Bret Stephens: What a wild week, Gail. Should we feel pleased that seven Republican Senators voted to convict Donald Trump of incitement — six more than in the last impeachment — or appalled that the other 43 didn’t?
Another way of putting the question is whether the G.O.P.’s cup is 14 percent full or 86 percent empty.
Gail Collins: It was certainly an interesting show. It’ll be a long time before I forget Mitch McConnell’s speech about the “outgoing president who seemed determined to either overturn the voters’ decision or else torch our institutions on the way out.”
It was, by McConnell standards, very passionate. Of course it’d have been a heck of a lot more moving if he hadn’t just voted against any punishment.
Bret: The other day I listened to a Malcolm Gladwell podcast on the Yiddish word “chutzpah.” The word has two distinct connotations. In its American usage, it suggests audacity, as in, “It took a lot of chutzpah for her to walk into her boss’s office back in 1962 and demand a raise, but — guess what? — she got it!” In the Israeli sense, it usually means gall and shamelessness, as in, “First the boy murders his parents. Then he pleads for mercy in court because he’s an orphan.”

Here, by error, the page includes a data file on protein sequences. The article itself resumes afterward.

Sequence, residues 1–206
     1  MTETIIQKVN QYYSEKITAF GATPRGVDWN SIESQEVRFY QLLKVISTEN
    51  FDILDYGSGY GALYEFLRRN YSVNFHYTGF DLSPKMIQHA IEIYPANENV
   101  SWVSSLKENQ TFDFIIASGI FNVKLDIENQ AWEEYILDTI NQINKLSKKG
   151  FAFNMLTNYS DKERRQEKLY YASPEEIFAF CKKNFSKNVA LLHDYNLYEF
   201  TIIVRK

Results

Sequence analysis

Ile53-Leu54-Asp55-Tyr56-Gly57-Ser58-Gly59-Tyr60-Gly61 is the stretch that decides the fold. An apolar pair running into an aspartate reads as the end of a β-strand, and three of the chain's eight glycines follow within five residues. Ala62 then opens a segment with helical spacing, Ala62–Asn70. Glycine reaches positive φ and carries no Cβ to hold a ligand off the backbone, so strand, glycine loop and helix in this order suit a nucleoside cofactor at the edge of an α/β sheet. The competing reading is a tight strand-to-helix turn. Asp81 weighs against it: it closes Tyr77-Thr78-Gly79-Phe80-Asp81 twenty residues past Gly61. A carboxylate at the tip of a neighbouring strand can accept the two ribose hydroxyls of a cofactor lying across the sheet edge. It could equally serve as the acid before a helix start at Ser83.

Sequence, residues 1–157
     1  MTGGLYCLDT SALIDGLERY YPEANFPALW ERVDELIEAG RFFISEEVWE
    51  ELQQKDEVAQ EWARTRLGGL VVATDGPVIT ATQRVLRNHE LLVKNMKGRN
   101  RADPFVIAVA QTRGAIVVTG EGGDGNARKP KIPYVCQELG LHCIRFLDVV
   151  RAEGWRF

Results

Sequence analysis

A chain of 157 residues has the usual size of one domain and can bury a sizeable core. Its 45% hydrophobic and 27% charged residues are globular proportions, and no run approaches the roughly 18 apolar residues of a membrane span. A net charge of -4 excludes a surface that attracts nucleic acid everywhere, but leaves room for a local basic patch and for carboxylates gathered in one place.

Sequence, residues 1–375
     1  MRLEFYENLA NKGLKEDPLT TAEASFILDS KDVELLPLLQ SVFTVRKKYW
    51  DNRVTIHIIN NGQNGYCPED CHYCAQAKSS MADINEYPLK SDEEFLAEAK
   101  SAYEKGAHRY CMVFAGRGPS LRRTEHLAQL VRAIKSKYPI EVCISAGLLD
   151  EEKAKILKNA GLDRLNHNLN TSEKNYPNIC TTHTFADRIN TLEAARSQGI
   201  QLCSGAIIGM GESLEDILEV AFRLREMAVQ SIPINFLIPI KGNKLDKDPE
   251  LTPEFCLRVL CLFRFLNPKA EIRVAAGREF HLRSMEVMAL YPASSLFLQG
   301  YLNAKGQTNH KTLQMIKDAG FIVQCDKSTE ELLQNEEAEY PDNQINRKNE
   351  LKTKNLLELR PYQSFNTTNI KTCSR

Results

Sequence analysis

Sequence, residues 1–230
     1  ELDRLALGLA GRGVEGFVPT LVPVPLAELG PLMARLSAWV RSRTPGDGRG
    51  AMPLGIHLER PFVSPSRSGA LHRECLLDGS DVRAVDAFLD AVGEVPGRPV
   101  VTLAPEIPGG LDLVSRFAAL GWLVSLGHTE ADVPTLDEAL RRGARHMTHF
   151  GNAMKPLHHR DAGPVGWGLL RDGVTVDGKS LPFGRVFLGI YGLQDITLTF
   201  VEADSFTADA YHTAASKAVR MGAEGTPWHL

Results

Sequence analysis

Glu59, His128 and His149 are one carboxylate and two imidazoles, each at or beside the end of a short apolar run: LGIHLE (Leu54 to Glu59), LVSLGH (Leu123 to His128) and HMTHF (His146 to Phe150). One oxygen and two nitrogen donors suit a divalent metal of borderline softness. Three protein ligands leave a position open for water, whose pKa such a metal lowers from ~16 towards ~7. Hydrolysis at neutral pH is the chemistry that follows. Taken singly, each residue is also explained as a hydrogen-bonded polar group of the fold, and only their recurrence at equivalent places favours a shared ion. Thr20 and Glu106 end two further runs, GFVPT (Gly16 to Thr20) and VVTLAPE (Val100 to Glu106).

Anyway, McConnell’s speech was chutzpah in the Israeli sense. He wanted to have his outrage and eat it, too. He wanted to ease whatever conscience he has left by denouncing Trump in a way that had no consequences, while using a legal dodge to advance his political interests in the way that really matters. Just pathetic.
Gail: Maybe we can call it the McConnell Two-Step.
Bret: Or maybe the “Mitch Macarena.” Where is Ted Sorensen when you need him to ghostwrite “Profiles of Invertebrates?” It’s the story of today’s Republican Party and conservative establishment, minus Liz Cheney, Adam Kinzinger, Lisa Murkowski and the other brave ones.